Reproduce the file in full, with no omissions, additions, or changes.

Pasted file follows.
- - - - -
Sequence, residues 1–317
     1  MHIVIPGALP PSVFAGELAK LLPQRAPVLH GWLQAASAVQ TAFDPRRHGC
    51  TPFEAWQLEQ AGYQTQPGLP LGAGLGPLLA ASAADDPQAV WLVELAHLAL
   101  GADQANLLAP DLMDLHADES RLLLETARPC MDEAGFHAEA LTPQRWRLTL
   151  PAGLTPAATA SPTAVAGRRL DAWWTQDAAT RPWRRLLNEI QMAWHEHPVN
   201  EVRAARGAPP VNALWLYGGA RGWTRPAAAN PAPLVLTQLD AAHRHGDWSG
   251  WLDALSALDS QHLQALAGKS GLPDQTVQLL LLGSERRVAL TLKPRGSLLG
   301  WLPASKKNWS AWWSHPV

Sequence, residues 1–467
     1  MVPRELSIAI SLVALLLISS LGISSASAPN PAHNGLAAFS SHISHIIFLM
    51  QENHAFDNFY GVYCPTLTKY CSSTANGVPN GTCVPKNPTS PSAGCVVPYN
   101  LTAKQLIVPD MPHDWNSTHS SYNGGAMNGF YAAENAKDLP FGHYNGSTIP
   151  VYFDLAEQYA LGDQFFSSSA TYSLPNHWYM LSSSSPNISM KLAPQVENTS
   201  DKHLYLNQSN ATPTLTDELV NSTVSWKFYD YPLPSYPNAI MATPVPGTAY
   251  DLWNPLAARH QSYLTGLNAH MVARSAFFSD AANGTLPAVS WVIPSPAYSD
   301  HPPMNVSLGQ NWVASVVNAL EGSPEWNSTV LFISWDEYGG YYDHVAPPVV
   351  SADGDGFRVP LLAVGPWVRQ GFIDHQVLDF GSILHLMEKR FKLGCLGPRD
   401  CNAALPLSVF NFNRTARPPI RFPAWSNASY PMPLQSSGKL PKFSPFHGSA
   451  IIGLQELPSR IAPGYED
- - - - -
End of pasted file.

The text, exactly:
Sequence, residues 1–317
     1  MHIVIPGALP PSVFAGELAK LLPQRAPVLH GWLQAASAVQ TAFDPRRHGC
    51  TPFEAWQLEQ AGYQTQPGLP LGAGLGPLLA ASAADDPQAV WLVELAHLAL
   101  GADQANLLAP DLMDLHADES RLLLETARPC MDEAGFHAEA LTPQRWRLTL
   151  PAGLTPAATA SPTAVAGRRL DAWWTQDAAT RPWRRLLNEI QMAWHEHPVN
   201  EVRAARGAPP VNALWLYGGA RGWTRPAAAN PAPLVLTQLD AAHRHGDWSG
   251  WLDALSALDS QHLQALAGKS GLPDQTVQLL LLGSERRVAL TLKPRGSLLG
   301  WLPASKKNWS AWWSHPV

Sequence, residues 1–467
     1  MVPRELSIAI SLVALLLISS LGISSASAPN PAHNGLAAFS SHISHIIFLM
    51  QENHAFDNFY GVYCPTLTKY CSSTANGVPN GTCVPKNPTS PSAGCVVPYN
   101  LTAKQLIVPD MPHDWNSTHS SYNGGAMNGF YAAENAKDLP FGHYNGSTIP
   151  VYFDLAEQYA LGDQFFSSSA TYSLPNHWYM LSSSSPNISM KLAPQVENTS
   201  DKHLYLNQSN ATPTLTDELV NSTVSWKFYD YPLPSYPNAI MATPVPGTAY
   251  DLWNPLAARH QSYLTGLNAH MVARSAFFSD AANGTLPAVS WVIPSPAYSD
   301  HPPMNVSLGQ NWVASVVNAL EGSPEWNSTV LFISWDEYGG YYDHVAPPVV
   351  SADGDGFRVP LLAVGPWVRQ GFIDHQVLDF GSILHLMEKR FKLGCLGPRD
   401  CNAALPLSVF NFNRTARPPI RFPAWSNASY PMPLQSSGKL PKFSPFHGSA
   451  IIGLQELPSR IAPGYED